In her first competition since winning the European title in Munich 12 days previously, Yaroslava Mahuchikh won the women’s high jump at the Brussels Diamond League meeting with a world-leading 2.05m on Friday (2).
The leap was three centimetres better than any woman in the world has managed in 2022 and she equalled the Ukrainian outdoor best which had stood to Inga Babakova since 1995, although Mahuchikh herself cleared 2.06m indoors last year.
Mahuchikh, still only 20 but also the world indoor champion, had first-time clearances up to and including 1.97m. She had one failure at 2.00m but then moved the bar to 2.02m and cleared it on her first attempt.
She then moved the bar up to 2.05m and got over it with her second leap before ending her series with three attempts at a would-be world record of 2.10m, going respectably close with her first effort.
“It´s so joyful that I jumped my [outdoor] personal best because my previous record of 2.04m was from 2019 so that is a long time to improve my jump. I tried 2.10m today but for now that is a bit too high. For a long time, nobody has even attempted that height, so I feel very good,” reflected Mahuchikh.
“Next up is [the Diamond League final] in Zurich, my last competition of this season. It has definitely been the most difficult season so far because of the war in my country. It´s terrible and today I jumped for all the Ukrainian people. I know that they smile now,” she added.
"I know I can do this soon."— World Athletics (@WorldAthletics) September 2, 2022
Yaroslava Mahuchikh ???????? takes aim at the world high jump record with much ambition after her 2.05m victory in #BrusselsDL! https://t.co/G10L4Zk1Ui pic.twitter.com/8OE71ntcxl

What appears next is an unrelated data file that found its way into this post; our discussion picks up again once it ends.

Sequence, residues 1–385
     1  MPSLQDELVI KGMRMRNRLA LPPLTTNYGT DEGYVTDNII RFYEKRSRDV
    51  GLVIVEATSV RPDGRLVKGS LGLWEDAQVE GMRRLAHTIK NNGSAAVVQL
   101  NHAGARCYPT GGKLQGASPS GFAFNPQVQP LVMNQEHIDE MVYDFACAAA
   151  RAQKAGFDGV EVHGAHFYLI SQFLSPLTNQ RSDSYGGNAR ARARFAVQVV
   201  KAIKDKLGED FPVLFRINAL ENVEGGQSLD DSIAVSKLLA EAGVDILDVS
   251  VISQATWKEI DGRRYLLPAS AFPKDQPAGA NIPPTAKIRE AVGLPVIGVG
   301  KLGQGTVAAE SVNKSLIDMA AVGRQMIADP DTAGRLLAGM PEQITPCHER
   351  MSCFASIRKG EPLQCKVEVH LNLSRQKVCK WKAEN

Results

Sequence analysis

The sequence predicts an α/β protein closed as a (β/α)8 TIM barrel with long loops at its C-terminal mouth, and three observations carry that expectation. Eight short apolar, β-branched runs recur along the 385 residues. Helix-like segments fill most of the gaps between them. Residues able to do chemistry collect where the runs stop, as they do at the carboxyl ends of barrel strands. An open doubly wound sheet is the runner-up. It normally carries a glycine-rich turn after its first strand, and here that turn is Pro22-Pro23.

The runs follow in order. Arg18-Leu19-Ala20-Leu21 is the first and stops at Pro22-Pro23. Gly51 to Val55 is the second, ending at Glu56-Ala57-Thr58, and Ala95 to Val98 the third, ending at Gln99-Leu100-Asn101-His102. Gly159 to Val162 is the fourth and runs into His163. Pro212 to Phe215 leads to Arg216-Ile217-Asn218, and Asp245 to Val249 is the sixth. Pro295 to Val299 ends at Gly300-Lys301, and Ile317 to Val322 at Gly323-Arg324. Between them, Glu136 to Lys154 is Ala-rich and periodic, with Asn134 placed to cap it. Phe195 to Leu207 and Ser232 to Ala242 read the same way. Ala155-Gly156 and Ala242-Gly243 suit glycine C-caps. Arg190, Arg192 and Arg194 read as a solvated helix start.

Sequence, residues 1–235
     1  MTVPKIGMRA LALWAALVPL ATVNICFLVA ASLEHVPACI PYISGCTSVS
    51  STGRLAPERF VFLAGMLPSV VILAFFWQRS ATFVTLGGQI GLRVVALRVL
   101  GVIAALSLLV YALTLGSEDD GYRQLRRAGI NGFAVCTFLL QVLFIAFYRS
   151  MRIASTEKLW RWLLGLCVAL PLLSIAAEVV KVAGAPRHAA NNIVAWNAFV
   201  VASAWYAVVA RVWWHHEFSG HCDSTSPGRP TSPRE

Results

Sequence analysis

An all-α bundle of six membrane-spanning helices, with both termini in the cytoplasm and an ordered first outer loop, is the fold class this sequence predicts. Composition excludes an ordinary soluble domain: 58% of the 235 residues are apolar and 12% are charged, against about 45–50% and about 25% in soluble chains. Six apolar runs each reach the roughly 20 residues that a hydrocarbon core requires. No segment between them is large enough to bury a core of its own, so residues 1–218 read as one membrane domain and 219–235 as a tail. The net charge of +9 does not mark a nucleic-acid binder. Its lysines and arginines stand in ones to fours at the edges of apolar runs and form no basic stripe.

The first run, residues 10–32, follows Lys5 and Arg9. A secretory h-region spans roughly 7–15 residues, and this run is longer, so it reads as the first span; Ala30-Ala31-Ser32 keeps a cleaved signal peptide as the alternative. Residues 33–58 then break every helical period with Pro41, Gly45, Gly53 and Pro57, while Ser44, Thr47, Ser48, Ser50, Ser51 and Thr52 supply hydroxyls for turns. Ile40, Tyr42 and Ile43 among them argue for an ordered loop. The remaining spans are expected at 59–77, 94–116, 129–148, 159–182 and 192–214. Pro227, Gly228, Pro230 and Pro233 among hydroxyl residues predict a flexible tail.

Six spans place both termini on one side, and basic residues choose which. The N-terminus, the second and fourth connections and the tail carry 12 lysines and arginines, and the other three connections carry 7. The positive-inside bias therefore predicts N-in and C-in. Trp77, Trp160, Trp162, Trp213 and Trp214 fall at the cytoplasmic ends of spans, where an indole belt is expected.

Mahuchikh’s victory was one of three wins in Brussels by European athletes, all of which came in the final 20 minutes.
The men’s 800m was the last event on the track and Great Britain’s 1500m world champion Jake Wightman showed he has no little ability over two laps of the track too as he won in a personal best of 1:43.65.
Wightman hit the front with 200 metres to go and was never headed, taking more than half-a-second off his previous best of 1:44.18 and also breaking a Scottish record which had stood for 34 years at 1:43.88 to the 1990 European 800m champion Tom McKean.
“To win a race in a field like this, I'm really pleased with that. In Zürich, I'm running the 800m as well, and then a road mile in New York to finish off this long season,” said Wightman, who also clocked the second fastest time by a European this year.
“After that, I'm taking a week or three off to spend some time with friends and family. It has been one championship after the other, so I'm very looking forward to taking some time and reflect on this amazing season,” he added.
in the women’s 1500m, Ireland’s Ciara Mageean came from a long way back on the final lap before moving into the lead off the last bend and then kicking to victory in 3:56.63, taking over two seconds off Sonia O’Sullivan’s national record set back in 1995.
Like Wightman, Mageean set the second fastest time by a European this year over the distance.
Great Britain’s Laura Muir, who had beaten Mageean to the Commonwealth and European titles in recent weeks, was a close behind in 3:56.86 but on this occasion had to settle for second.
Providing domestic interest for the local crowd, Belgian records fell in the men’s 400m hurdles with Julien Watrin reducing the national standard for the third time in 2022 when running 48.66 when finishing fifth in what has become his specialist event this season while Cynthia Bolingo took 0.1 from her own Belgian 400m record with a sparkling run of 50.19 to finish third over one lap of the track.
Pole vault superstar Mondo Duplantis suffered his first defeat for over a year when he failed to navigate what has become the almost routine height of 5.91m and had to settle for a best of 5.81m and second place.
However, that disappointment for Swedish fans was tempered by the historic run of Andreas Almgren in the 5000m.
The 2014 World U20 800m bronze medallist has moved up distance in the last two years, partly as a result of a series of injuries at the end of the last decade, and just missed out on a 5000m medal in Munich when he finished fourth but he got some compensation in Brussels when he demolished one of the oldest Swedish records on the books.
In the Belgian capital, Almgren crossed the line in a European-leading 13:01.70 to take almost 16 seconds off the Swedish record which had stood since 1976 to Anders Garderud, set in the year the latter won the Olympic 3000m steeplechase title in a world record time.